Through a changing workforce and insecure economy due to World War I, postwar recession, and the Great Depression, many shoe companies found it difficult to survive. However, a new process for cemented, or glued, soles in the mid-1930s brought production costs down and eliminated the need for many of the American machines. The 1930s put a focus on women's shoes in the wardrobe, now fully visible under shorter hemlines and thus a necessity for the fashion conscious. The importance of style, color, and decoration enabled European manufacturers the chance to regain supremacy. Companies such as I. Miller and Delman in the United States now saw competition from manufacturers such as Charles Jourdan in France, Rayne in England, and Ferragamo in Italy, who catered to a fashion-conscious clientele.
World War II changed the focus from style to durability. Shoe manufacturers did not suffer, because they were kept busy producing military footwear and other goods under military contract, but fashion footwear was limited by availability of materials.
As part of their postwar recovery, the Italian state aided indigenous shoe companies that were less wieldy than the huge American shoe manufacturers. Undercutting production costs, Italian shoe manufacturers quickly found a niche in the high-fashion footwear industry. By the 1960s French designers were going to Italy to have their shoes made, bypassing their own shoe-manufacturing nationals. Similar sized and modeled companies in Spain and South America with access to cheap and plentiful hides also found success in the 1970s and 1980s, at the cost of American, English, German, and French shoe manufacturers.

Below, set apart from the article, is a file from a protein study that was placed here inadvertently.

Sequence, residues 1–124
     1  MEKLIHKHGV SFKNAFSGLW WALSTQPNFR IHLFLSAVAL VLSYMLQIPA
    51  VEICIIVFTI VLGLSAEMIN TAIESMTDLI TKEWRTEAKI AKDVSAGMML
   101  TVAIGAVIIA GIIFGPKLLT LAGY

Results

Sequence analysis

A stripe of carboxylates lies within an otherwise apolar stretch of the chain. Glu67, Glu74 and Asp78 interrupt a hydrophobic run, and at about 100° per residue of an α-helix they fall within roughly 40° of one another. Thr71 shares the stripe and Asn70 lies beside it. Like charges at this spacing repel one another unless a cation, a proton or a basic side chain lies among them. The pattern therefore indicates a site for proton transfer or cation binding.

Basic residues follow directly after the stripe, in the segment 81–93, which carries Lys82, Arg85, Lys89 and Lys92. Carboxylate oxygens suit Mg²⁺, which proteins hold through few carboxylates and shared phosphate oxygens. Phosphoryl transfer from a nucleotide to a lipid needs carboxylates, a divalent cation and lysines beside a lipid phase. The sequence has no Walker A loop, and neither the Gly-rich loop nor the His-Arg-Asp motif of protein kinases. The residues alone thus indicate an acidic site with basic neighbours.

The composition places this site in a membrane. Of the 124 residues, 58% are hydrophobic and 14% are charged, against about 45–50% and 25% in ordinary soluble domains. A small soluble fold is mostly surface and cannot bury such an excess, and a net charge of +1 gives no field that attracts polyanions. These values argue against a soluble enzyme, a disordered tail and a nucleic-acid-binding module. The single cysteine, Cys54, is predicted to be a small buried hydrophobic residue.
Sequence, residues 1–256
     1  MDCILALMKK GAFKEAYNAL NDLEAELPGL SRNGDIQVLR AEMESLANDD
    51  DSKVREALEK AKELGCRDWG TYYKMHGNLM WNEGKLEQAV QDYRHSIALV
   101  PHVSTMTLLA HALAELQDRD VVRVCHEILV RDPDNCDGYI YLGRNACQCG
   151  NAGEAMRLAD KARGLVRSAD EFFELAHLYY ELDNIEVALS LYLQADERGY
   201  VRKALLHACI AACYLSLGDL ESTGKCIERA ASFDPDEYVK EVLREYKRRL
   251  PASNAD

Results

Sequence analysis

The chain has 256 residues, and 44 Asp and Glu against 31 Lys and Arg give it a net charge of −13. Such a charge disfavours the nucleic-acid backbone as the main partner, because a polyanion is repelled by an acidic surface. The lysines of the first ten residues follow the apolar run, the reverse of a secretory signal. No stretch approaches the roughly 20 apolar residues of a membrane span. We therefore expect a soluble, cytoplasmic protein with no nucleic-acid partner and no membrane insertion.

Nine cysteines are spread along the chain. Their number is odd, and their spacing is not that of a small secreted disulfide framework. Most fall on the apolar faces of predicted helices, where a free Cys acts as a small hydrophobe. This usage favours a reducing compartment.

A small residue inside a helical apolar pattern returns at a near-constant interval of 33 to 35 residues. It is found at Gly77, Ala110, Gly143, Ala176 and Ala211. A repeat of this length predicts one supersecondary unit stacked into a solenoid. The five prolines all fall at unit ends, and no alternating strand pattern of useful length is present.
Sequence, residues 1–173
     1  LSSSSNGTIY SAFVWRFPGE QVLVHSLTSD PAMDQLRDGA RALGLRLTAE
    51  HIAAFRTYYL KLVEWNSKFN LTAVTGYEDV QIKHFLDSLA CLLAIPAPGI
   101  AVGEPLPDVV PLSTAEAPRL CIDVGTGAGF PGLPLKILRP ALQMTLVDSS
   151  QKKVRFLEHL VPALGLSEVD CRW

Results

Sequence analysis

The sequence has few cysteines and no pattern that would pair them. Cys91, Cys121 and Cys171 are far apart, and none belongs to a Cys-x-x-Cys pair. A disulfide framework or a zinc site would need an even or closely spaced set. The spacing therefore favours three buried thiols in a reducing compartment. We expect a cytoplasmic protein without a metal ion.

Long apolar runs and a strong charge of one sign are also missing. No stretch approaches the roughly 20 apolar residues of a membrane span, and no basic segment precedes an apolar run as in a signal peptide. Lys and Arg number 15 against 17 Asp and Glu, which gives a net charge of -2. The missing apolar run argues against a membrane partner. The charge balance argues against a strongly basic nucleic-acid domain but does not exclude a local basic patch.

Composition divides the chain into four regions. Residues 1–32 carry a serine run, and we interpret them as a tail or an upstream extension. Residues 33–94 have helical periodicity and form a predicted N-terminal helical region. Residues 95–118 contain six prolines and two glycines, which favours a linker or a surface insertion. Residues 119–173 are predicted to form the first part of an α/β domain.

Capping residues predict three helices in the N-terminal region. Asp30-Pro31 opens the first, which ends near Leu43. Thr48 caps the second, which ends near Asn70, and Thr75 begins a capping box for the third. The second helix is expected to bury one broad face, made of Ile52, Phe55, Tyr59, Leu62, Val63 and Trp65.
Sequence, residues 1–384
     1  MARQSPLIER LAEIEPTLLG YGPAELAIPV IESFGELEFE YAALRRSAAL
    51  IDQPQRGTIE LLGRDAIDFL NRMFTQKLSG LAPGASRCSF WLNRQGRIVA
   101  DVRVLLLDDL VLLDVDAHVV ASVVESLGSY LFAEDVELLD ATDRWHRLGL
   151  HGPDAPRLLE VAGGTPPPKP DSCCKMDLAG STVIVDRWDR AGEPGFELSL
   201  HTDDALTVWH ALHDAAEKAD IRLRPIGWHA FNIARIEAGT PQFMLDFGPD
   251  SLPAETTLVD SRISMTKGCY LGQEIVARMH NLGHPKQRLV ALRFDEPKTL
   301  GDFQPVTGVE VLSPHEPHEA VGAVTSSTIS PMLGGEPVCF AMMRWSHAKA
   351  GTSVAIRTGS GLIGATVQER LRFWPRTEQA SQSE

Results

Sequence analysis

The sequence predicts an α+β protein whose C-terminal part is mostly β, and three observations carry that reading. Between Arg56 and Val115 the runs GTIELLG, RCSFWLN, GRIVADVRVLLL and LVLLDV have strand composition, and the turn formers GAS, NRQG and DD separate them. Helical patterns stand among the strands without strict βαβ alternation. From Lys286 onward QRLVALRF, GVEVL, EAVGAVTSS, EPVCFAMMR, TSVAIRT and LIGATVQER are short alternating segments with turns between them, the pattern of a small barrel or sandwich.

But the death knell for many American and European shoe manufacturers came in the development of Southeast Asian shoe industries in the late 1950s and 1960s. Cheaper labor costs for traditionally sewn footwear combined with the new slush molded plastic footwear, which could be produced by machine alone, resulted in the most profitable center in the world for the production of sports shoes-the most popular shoe style since the late 1960s.
While hand shoemakers still exist in London, Venice, and other locales, their numbers are limited and their clients few. High-fashion footwear is produced with a modicum of skilled labor in the finishing; workers whose greatest skill is computer programming make most of the shoes of the early 2000s. Cost, durability, and branding are what drive footwear production in the twenty-first century.
Bondi, Federico, and Giovanni Mariacher. If the Shoe Fits. Venice, Italy: Cavallino Venezia, 1983
Durian-Ress, Saskia. Schuhe: vom späten Mittelalter bis zur Gegenwart Hirmer. Munich: Verlag, 1991.
Salvatore Ferragamo. The Art of the Shoe, 1927-1960. Florence, Italy: Centro Di, 1992,
Rexford, Nancy E. Women's Shoes in America, 1795-1930. Kent, Ohio: Kent State University Press, 2000.
Swann, June. Shoes. London: B.T. Batsford, Ltd., 1982.
--. Shoemaking. Shire Album 155. Jersey City, N.J.: Park-west Publications, 1986.
Walford, Jonathan. The Gentle Step. Toronto: Bata Shoe Museum, 1994.